Polycystic ovary syndrome (PCOS) is a common hormone disorder that affects a significant number of women. PCOS is characterized by irregular ovulation and menstruation, pregnancy complications, and insulin resistance, with the condition often exacerbated by being overweight. Recent studies have highlighted the association between hormonal changes in PCOS and variations in immune system B cells.
In a recent research paper, scientists investigated the impact of B cells on the development of PCOS, aiming to uncover potential new treatment approaches (Figure 1). Blood samples were collected from women with PCOS, revealing abnormal variations in the frequency of different B cell populations compared to healthy women. Notably, the study identified the presence of double negative B cells, a heterogeneous group that includes subtypes associated with potential autoimmune functions.
To further understand the role of B cells, the researchers conducted experiments on mice. They exposed mice lacking B cells to androgens, a group of hormones implicated in PCOS. PCOS-like mice exposed to androgens displayed altered frequencies of B cells, mirroring the findings in women with PCOS. However, concurrent treatment with a drug that blocks androgen receptors prevented these B cell alterations in both blood and tissues, including the ovaries and endometrium.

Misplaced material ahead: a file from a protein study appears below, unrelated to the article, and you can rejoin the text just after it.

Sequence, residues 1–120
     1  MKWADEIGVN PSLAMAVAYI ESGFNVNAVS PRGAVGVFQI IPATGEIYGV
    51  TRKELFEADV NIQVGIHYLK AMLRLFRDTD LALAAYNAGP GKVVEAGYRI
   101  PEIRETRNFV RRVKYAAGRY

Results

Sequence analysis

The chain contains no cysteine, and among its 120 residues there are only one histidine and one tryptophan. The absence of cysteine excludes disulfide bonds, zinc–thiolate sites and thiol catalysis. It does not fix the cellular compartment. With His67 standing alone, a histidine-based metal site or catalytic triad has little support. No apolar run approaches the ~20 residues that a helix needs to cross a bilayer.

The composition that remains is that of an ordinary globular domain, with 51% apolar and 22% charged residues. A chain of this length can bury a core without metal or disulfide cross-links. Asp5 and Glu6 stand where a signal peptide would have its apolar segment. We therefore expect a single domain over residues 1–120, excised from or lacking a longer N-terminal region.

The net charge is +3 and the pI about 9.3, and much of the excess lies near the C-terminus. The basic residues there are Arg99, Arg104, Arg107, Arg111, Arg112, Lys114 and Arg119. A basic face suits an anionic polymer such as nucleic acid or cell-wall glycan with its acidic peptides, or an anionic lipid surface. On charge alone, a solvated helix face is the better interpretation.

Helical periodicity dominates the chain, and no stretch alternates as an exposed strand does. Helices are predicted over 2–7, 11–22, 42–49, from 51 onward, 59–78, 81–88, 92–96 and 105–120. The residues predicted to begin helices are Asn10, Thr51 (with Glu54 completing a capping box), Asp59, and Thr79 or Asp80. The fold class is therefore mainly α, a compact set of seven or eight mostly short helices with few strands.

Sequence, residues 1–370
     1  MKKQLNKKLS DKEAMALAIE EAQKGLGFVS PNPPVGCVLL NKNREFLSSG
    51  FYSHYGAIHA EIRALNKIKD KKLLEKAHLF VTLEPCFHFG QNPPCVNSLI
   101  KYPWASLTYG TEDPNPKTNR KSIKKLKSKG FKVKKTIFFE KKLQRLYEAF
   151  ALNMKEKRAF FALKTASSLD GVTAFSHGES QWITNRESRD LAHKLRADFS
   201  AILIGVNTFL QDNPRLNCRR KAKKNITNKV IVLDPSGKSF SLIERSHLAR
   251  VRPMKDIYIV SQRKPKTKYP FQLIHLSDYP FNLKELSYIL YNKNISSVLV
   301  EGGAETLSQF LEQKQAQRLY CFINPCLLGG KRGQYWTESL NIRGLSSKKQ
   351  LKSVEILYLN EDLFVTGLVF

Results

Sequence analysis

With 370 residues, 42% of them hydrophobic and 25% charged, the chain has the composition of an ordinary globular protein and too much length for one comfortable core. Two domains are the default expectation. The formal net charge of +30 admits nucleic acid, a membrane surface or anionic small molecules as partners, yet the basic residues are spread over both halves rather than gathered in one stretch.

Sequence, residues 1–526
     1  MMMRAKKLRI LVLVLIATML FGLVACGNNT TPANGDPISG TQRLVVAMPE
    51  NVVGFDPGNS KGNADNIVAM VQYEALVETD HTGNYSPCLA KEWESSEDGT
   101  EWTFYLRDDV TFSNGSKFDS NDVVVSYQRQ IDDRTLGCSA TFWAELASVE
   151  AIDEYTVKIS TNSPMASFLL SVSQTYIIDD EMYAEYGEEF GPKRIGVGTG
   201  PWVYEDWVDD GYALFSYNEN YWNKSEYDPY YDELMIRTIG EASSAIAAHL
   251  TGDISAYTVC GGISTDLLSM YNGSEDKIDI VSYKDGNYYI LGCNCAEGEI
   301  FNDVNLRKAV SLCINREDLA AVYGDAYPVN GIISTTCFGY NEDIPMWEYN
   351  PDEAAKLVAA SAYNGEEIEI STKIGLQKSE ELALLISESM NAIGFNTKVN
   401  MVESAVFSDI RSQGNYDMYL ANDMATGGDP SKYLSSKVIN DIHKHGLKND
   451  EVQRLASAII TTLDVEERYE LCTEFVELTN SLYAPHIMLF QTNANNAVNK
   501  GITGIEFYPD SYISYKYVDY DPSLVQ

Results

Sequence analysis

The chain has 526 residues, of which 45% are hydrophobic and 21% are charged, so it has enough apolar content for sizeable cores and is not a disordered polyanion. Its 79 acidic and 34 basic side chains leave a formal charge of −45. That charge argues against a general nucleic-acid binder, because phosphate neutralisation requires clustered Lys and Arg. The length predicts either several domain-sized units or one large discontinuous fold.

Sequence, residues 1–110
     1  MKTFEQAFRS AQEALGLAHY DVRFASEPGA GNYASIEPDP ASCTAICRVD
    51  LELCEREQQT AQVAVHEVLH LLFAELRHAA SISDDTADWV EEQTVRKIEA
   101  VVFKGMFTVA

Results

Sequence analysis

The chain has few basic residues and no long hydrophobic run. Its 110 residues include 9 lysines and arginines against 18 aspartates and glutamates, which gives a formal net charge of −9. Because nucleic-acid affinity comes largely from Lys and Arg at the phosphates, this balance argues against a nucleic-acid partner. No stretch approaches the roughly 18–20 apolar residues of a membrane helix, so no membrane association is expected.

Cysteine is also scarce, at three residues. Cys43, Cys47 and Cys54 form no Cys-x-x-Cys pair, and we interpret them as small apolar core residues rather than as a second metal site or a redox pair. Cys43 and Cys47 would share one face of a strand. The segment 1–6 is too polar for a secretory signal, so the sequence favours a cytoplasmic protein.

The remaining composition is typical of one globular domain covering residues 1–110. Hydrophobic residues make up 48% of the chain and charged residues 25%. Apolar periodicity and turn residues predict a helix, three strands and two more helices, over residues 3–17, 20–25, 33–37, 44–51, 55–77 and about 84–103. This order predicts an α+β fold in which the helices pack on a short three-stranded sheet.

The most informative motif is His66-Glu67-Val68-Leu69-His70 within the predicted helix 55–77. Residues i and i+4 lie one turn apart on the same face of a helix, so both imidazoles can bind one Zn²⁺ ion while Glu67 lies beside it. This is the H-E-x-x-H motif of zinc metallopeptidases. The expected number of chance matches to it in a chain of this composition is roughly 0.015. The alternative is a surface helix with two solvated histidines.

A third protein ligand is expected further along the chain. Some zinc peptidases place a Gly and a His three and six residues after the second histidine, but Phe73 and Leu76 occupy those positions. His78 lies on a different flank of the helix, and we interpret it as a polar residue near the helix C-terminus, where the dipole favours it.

In conclusion, while androgens are necessary for the development of PCOS, the role of B cells in the syndrome remains unclear. The study highlights that B cells are affected in PCOS, potentially contributing to an increased susceptibility to certain comorbidities. However, the findings suggest that B cells do not cause PCOS itself. Further research is needed to fully elucidate the precise role of B cells in PCOS and to explore their potential as therapeutic targets for managing the condition and associated complications.
Journal article: Ascani, A, et al., 2023. The role of B cells in immune cell activation in polycystic ovary syndrome. eLife.